Slavery goes back before written history. The earliest evidence for it is found in graves in Lower Egypt dating to 8000 BC. It was a near universal institution, especially in agricultural societies. As late as the beginning of the 19th century, 3 quarters of the earth's population were slaves and serfs. You could become a slave to pay off a debt, as punishment for as crime, because you were a prisoner of war, because you were abandoned at birth or because you were born to a slave.
In the famous Hammurabi
Code the sentence for helping or harboring an escaped slave was
death. But in Deuteronomy 23:15, 16 it says, “Do not return a slave
to his master when he has escaped from his master to you. Let him
live among you wherever he wants within your gates. Do not mistreat
Slavery obviously predates the writing of the Bible.
Its existence is accepted as a fact, yet the Bible does not see
slaves as mere chattel but as human beings. Thus in ancient Israel
they were able to own property, earn money and even buy themselves
out of slavery. Those who sold themselves into slavery to repay a
debt were released every 7 years and every Jubilee year. Slaves were
treated as members of God's people and joined in the Sabbath rest. Biblical slavery was therefore unlike slavery in the US, because it was not necessarily involuntary, lifelong or based on race. The more humane treatment of slaves comes from the fact that the
Israelites were once slaves in Egypt. God makes that history explicit
in the places in which he commands them to treat their slaves fairly.
The Greeks however did not see slaves as anything other than
property. To them slaves were part of the natural order; only
citizens were considered human beings. By the time of the New Testament, the
population of the Roman Empire, due largely to her wars, was made
up of 25% slaves. The Romans did make slavery more humane. They
realized that the more freedoms they allowed their slaves, the more
productive they were. Nevertheless, an escaped slave had to be
returned to his master. And the master was allowed to punish a
runaway slave by beating, whipping, branding or even crucifying him.
Paul wrote in Galatians 3:28, “There is neither Jew
nor gentile, neither slave or free, nor is there male or female, for
you are all one in Christ Jesus.” When Paul used the popular form
of the Household Codes in his letters, he did, as was typical of the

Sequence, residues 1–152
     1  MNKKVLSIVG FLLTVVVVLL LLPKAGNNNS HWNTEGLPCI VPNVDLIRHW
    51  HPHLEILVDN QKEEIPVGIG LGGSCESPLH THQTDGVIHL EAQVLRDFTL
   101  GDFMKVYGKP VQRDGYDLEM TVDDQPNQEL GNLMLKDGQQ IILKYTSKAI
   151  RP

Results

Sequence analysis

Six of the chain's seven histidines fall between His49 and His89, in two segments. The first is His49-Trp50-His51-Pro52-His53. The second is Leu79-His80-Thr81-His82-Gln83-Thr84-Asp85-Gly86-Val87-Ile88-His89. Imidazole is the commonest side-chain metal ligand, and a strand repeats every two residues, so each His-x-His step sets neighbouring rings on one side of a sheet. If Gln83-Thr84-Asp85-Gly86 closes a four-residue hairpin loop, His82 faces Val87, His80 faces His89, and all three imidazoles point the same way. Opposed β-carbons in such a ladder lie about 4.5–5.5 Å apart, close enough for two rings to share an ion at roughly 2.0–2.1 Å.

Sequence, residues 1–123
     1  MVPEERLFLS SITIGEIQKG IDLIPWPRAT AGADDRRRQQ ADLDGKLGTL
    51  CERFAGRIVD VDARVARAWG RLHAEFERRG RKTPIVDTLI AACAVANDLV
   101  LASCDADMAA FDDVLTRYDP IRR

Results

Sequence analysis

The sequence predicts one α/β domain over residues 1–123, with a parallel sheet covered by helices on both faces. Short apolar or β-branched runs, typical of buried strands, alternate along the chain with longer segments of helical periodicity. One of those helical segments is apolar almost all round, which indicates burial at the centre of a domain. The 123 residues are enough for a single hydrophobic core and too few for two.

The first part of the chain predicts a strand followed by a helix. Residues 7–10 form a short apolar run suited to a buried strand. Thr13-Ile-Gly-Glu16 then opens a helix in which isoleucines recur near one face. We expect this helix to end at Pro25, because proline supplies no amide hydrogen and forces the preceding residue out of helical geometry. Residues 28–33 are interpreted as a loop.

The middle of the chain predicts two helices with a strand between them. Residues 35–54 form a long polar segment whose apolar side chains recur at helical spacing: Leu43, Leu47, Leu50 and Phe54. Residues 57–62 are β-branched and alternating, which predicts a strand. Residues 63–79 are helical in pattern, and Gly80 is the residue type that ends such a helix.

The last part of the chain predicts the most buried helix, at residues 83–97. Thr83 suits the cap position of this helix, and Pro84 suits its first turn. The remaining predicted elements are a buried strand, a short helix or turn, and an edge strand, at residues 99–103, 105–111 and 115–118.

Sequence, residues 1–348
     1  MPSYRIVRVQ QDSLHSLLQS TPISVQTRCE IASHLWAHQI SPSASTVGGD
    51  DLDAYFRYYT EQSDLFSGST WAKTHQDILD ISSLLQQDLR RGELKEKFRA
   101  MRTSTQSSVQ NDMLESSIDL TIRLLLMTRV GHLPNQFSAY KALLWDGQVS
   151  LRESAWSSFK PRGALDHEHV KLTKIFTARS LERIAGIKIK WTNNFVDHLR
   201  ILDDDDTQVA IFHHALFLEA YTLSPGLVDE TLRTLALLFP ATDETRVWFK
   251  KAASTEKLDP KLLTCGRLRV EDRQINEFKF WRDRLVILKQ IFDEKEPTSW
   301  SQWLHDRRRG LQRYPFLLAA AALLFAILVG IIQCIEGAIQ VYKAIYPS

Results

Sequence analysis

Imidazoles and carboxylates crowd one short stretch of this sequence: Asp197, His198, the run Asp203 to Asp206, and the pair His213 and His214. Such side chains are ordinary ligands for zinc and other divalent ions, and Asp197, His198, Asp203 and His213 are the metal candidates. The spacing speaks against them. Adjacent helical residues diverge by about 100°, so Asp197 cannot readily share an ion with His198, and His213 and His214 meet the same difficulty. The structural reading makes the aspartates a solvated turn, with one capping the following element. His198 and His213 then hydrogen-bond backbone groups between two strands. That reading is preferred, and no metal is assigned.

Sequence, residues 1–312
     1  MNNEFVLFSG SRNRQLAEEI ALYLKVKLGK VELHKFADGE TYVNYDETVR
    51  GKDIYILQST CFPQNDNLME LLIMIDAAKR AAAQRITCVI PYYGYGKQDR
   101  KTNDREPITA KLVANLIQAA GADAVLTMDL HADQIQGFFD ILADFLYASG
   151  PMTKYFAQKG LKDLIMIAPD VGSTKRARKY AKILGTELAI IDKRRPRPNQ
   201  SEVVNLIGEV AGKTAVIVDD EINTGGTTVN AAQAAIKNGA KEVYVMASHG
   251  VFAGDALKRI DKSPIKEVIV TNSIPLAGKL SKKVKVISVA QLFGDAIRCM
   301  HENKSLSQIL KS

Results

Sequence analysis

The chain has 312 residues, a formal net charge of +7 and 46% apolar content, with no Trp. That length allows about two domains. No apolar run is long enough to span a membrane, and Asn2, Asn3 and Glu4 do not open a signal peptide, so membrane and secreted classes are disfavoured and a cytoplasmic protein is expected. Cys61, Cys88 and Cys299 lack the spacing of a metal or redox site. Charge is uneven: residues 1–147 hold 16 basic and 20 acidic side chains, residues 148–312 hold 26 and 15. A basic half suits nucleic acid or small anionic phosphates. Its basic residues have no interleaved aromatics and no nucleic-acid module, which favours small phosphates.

day, tell slaves to obey their masters. But he also reminded masters
that that their slaves were their brothers and sisters in Christ and
should be treated appropriately. And in 1 Corinthians 7:21, Paul told
slaves that they should take advantage of opportunities to gain their
freedom. But he meant lawfully. He did not support the anarchy that
arose every time there was a slave revolt. The most famous is the
Third Servile War, in which Spartacus led 120,000 slaves against the
might of Roman. Like the previous slave rebellions this was
unsuccessful and the 6000 survivors were crucified along the Appian
Way. Violent uprisings did not lead to freedom or the abolition of
slavery in the Roman Empire.
So Paul has a real problem on his hands when he found
out that one of his most helpful coworkers in the ministry was a
runaway slave, Onesimus. We are not sure how this discovery was made.
Perhaps the return of Epaphras from Colosse triggered the disclosure.
Legally, though, Paul must return him to his master. What made it more
difficult was that Paul knew the owner: Philemon, a wealthy Christian
who lets the Colossian church meet in his home. Paul wants to keep
Onesimus in his ministry but can't, not without Philemon's consent.
And it appears that Onesimus has stolen from his master, probably to
finance his escape. Philemon would have every right to punish his
slave severely and even have him killed. So Paul is faced with a real
moral dilemma. The way he deals with it is a beautiful example of how
to work for the right in a culture that is wrong.